California Adopts Nation’s First Paid Family Leave Law
On September 23, 2002, Governor Gray Davis signed new legislation, the Family Temporary Disability Insurance program (“TFDI”), making California the first state in the country to offer workers paid family leave.
TFDI, which applies to leaves beginning on or after July 1, 2004, provides that eligible employees will be entitled to receive 55 percent of their wages, up to a maximum payment of $728 per week, for leaves of up to six weeks in any twelve month period. As with the unpaid family and medical leave that is already available under the Federal Family and Medical Leave Act (“FMLA”) and the California Family Rights Act (“CFRA”), the benefits of TFDI are available for leave taken to care for a newborn, a newly adopted child, or an ill family member. Unlike FMLA and CFRA, however, TFDI does not provide benefits in the case of the employee’s own serious medical condition (for which other wage replacement benefits, such as disability insurance or workers compensation benefits, are often available). On the other hand, TFDI is in some respects more expansive than existing family leave laws. For example, under FMLA and CFRA unpaid family and medical leave is only available to employees in companies with 50 or more employees within a 75 mile radius; but TFDI applies to all private employers, regardless of size. Moreover, while only employees with at least one year of service are eligible for leave under current family and medical leave laws, the new law contains no such requirement In theory, an employee could ask for the leave his first day on the job.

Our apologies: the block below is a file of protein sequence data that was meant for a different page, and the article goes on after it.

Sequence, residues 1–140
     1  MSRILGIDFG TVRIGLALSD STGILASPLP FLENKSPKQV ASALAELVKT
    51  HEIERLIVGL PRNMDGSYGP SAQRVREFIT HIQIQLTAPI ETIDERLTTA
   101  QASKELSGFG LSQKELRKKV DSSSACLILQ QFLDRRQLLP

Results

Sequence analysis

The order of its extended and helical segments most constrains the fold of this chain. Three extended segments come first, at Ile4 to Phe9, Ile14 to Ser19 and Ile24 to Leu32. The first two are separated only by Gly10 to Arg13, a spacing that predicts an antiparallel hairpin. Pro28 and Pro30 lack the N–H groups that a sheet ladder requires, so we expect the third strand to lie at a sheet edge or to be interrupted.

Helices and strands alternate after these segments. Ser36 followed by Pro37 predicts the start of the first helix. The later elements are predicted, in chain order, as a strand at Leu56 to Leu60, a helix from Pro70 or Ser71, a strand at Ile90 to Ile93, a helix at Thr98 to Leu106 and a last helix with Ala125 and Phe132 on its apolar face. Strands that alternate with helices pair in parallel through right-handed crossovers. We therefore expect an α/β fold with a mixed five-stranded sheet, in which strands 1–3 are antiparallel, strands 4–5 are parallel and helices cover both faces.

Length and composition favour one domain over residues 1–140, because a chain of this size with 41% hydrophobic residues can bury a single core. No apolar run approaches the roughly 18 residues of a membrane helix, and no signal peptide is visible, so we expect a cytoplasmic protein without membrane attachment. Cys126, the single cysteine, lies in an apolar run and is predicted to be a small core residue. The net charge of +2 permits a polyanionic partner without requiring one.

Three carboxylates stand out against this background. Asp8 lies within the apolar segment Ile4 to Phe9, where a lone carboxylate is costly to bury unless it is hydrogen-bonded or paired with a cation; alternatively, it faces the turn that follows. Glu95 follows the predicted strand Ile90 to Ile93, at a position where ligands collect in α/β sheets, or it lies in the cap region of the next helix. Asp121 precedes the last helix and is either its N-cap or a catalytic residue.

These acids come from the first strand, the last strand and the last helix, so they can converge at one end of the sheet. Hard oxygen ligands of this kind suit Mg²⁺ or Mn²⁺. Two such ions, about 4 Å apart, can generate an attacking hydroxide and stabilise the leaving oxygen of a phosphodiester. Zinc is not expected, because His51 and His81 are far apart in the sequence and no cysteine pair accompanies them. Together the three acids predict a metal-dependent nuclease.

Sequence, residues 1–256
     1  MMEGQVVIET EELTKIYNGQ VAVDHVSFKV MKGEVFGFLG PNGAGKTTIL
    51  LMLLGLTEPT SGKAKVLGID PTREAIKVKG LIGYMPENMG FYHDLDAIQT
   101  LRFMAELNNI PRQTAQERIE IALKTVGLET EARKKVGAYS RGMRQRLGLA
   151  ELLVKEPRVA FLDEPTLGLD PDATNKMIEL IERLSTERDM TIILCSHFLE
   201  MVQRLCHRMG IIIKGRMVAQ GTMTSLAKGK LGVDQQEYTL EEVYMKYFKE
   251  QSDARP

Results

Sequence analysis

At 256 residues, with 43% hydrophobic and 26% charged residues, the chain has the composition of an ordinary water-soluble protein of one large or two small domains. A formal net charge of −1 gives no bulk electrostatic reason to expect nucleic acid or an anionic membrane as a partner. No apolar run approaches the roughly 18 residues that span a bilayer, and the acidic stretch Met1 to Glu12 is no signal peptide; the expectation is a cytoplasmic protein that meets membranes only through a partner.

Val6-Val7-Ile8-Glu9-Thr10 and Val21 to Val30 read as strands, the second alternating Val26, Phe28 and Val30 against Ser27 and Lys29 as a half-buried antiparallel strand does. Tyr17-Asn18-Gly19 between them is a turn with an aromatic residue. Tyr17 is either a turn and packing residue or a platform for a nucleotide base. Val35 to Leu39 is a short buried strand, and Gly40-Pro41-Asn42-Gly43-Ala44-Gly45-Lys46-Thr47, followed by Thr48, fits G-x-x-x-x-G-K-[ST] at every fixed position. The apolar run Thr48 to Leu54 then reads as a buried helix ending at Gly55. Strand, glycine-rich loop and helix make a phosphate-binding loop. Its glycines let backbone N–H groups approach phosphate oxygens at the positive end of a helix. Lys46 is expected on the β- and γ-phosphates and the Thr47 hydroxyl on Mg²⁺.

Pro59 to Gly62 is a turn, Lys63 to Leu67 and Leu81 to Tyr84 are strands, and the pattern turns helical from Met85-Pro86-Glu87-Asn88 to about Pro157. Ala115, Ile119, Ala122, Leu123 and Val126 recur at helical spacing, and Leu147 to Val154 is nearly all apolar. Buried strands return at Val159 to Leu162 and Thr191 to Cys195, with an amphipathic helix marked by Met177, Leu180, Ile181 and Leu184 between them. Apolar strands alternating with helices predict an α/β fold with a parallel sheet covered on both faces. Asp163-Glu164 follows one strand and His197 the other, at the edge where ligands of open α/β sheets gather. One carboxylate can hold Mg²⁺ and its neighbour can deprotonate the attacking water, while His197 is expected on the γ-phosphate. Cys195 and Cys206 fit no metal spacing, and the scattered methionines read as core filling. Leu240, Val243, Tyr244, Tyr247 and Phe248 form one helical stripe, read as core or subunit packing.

The good new for employers is that the TFDI benefits will be funded by employee payroll deductions paid to the state (similar to state disability insurance). The deductions will average about $27 a year and range as high as $70 a year. However, while these deductions come entirely from employees, employers will unavoidably bear the cost of monitoring and administering these deductions, as well as the expense of hiring and training replacement workers and the additional overtime incurred to cover for absent employees.
It is anticipated that before TFDI takes effect in 2004, California will issue guidance to employers on the operation of the new program, including any notice requirements. We will be following the progress of the implementation of TFDI and will report any significant developments on this web site.